Making patient information accessible and bagging a highly-commended award

Published: 14 Aug 2019

The Falls and Fragility Fracture Audit Programme was highly commended in last year’s Richard Driscoll Memorial Award. Their award entry showed how they worked with patients to make information accessible and dynamic. In this blog post, project manager Bonnie Wiles explains more about their approach and what the award means to them.

The Strong Bones After 50: fracture liaison services explained animation was a new venture for our team.

There are an estimated half a million broken bones after a fall or “fragility fracture” in the UK each year. This is more than the number of heart attacks. The impact can be devastating, leading to increased risk of death, pain and loss of independence, mobility and capacity to carry out everyday tasks. Up to a quarter of these could be prevented with earlier diagnosis and treatment.

Osteoporosis is a condition that weakens bones, making them fragile and more likely to break. However, the link is not being made between fractures in the over 50s and undetected osteoporosis. A fifth of women who have broken a bone, break three or more before being diagnosed.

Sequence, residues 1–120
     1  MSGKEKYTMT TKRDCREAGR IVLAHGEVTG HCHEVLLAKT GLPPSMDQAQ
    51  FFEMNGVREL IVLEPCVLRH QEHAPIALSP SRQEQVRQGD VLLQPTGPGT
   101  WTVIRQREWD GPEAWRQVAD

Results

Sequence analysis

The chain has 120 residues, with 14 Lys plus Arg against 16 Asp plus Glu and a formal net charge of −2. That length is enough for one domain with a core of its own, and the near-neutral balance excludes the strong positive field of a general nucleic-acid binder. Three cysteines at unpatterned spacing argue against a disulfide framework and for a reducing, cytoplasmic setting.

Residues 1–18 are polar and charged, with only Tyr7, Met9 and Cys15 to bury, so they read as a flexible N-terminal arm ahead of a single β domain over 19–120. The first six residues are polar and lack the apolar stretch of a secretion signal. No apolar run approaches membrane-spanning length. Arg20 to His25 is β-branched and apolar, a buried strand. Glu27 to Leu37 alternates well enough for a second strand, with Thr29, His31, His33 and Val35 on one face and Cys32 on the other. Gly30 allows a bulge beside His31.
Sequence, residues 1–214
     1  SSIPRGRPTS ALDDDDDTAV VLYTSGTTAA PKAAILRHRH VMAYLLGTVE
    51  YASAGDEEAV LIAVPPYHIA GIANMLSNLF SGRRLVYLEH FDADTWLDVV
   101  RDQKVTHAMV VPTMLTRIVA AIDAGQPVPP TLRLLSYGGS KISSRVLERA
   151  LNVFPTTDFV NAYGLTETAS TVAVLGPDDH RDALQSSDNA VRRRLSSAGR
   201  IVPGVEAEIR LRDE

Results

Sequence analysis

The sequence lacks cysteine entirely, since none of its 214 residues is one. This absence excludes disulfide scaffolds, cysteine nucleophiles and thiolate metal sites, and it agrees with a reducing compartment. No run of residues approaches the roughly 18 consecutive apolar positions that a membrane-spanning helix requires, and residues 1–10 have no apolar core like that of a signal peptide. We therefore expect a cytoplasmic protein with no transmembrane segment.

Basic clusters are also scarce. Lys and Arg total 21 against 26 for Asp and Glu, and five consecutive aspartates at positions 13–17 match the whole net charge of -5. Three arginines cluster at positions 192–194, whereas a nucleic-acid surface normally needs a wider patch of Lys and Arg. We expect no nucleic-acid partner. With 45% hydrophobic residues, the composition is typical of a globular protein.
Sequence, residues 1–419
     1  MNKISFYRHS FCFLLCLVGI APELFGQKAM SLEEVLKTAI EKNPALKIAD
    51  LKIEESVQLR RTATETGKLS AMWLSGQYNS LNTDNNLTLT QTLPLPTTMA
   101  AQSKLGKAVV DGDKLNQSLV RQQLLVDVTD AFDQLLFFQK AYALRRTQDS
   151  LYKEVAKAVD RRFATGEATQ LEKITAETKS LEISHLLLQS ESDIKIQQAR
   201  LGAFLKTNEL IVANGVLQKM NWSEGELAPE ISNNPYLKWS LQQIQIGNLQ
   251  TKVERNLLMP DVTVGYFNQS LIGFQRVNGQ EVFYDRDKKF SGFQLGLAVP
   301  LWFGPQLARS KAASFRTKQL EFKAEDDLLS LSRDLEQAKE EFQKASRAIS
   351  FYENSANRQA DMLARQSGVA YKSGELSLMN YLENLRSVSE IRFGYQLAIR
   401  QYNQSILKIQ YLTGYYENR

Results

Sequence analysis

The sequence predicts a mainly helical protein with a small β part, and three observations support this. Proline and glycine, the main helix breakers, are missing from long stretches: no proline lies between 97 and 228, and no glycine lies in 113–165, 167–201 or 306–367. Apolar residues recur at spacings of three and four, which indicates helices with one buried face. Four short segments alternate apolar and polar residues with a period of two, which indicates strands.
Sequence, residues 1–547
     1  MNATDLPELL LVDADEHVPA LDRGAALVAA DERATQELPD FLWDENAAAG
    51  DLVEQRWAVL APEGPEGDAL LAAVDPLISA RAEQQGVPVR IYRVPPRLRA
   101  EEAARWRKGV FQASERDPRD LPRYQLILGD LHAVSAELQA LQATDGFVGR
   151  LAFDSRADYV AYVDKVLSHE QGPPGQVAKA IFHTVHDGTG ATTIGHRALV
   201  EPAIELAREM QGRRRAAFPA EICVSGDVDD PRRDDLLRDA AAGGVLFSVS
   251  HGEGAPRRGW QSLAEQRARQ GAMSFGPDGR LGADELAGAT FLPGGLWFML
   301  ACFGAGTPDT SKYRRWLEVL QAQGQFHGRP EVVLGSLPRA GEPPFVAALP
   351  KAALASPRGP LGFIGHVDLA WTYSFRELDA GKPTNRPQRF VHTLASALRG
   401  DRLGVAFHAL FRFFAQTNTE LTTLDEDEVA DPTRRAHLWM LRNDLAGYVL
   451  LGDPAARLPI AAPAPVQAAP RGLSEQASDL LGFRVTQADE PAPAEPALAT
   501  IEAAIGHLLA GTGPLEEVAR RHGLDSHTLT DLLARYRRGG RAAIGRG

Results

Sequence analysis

Initially, we had the idea of a leaflet, similar to those the team had previously produced in layout. However, with over half a million fragility fractures estimated to occur each year, the focus group quickly identified it would become an expensive resource for the audit or to print locally. This is where the innovative idea of an animation that could be displayed in waiting areas came from.

The animation was conceptualised and co-developed with a patient focus group and this is the final product:

Being highly commended in the Richard Driscoll Memorial Award was not only a motivation for the team, and our patient focus group, but we hope also a source of encouragement for other teams to work closely with patients in developing patient resources.
We hope that by giving patients information about bone health and fracture prevention, they will know what standards of care to expect and have the confidence to approach their doctor and ask for further investigations following a fracture.

The Falls and Fragility Fracture Audit Programme (FFFAP) is commissioned by the Healthcare Quality Improvement Partnership (HQIP). You can find the award winning animation and leaflet here.

Bonnie Wiles
Project Manager, Falls and Fragility Fracture Audit Programme